Hinterkind Vol. 1 (2014) Review

ImageArt by:

Francesco Trifogli

Cover by:

Greg Tocchini

Written by:

Ian Edginton

Hinterkind is set in a world where Humankind have forced themselves into near extinction. The surviving remnants of humanity are trying to pull together and rebuild their communities. However, this isn’t a standard apocalyptic tale. Ian Edginton has thrown fantasy elements into the mix. Hinterkind is a term for all the Fantasy species such as Elves, Giants, Trolls, Gnomes and so on. After Humankind are no longer the dominating species, the Hinterkind, lead by Elves, come back out of the mystical forests and mountains to reclaim their dominance. Although the setup sounds similar to Del Toro and Mignola’s Hellboy: Golden Army, it is still a very original and smoothly paced story. This can easily be read from an escapist point of view; however, one can also get lost in its depths. For example, this story parallels today’s economic climate. The western society is represented by Humankind and how their actions have led them to lose their control and dominance over the economic market. Meanwhile, the Orient is represented by Hinterkind and how they are reemerging as major players in production and capital. Although this is an interesting perspective of Edginton’s writing, it doesn’t get heavy-handed or stand in the way of the slick paced action or the character development. The story mainly focuses on a human who is naïve but bright and capable female protagonist, P. Monday. P’s charming idealism and survivors instinct is someone readers will want to admire or identify with.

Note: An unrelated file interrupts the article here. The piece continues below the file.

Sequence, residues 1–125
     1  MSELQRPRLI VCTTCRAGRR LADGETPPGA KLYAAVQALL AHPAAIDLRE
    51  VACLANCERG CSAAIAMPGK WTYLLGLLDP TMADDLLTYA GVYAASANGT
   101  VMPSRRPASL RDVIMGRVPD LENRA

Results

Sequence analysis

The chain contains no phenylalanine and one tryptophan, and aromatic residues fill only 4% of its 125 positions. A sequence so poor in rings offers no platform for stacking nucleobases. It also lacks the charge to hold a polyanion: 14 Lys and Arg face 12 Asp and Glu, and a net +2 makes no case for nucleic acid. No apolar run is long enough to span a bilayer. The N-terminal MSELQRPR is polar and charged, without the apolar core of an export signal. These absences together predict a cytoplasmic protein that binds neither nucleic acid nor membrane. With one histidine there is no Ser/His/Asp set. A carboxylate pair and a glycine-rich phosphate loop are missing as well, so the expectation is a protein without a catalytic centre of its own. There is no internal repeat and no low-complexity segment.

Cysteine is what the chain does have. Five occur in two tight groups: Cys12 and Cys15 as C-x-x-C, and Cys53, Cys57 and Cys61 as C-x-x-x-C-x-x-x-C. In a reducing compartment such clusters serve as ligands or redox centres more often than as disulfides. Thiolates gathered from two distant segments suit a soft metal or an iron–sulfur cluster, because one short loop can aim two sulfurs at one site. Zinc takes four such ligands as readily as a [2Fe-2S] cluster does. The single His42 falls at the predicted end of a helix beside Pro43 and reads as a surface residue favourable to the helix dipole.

Francesco Trifogli wonderfully detailed art builds this post-society world by having every panel trimmed with abandoned vehicles, overgrown ivy, and dilapidated buildings as well as other apocalyptic features. In addition, the same amount of detail goes into every character’s clothing and physical features which identify their class, race, or species. Another world building touch comes from Edginton which is each pivotal plot point is adorned with scriptures from the First Book of Monday. This is something similar to what Tolkien and Herbert had done in their sagas. What this Narrative device does is create a sense this is a mythological epic which beautifully accents the overall composition of this post apocalyptic fantasy. Edginton and Trifogli have crafted a richly detailed fantasy which perfectly balances social commentary with escapist adventure. Never once does it feel too preachy or shallow.

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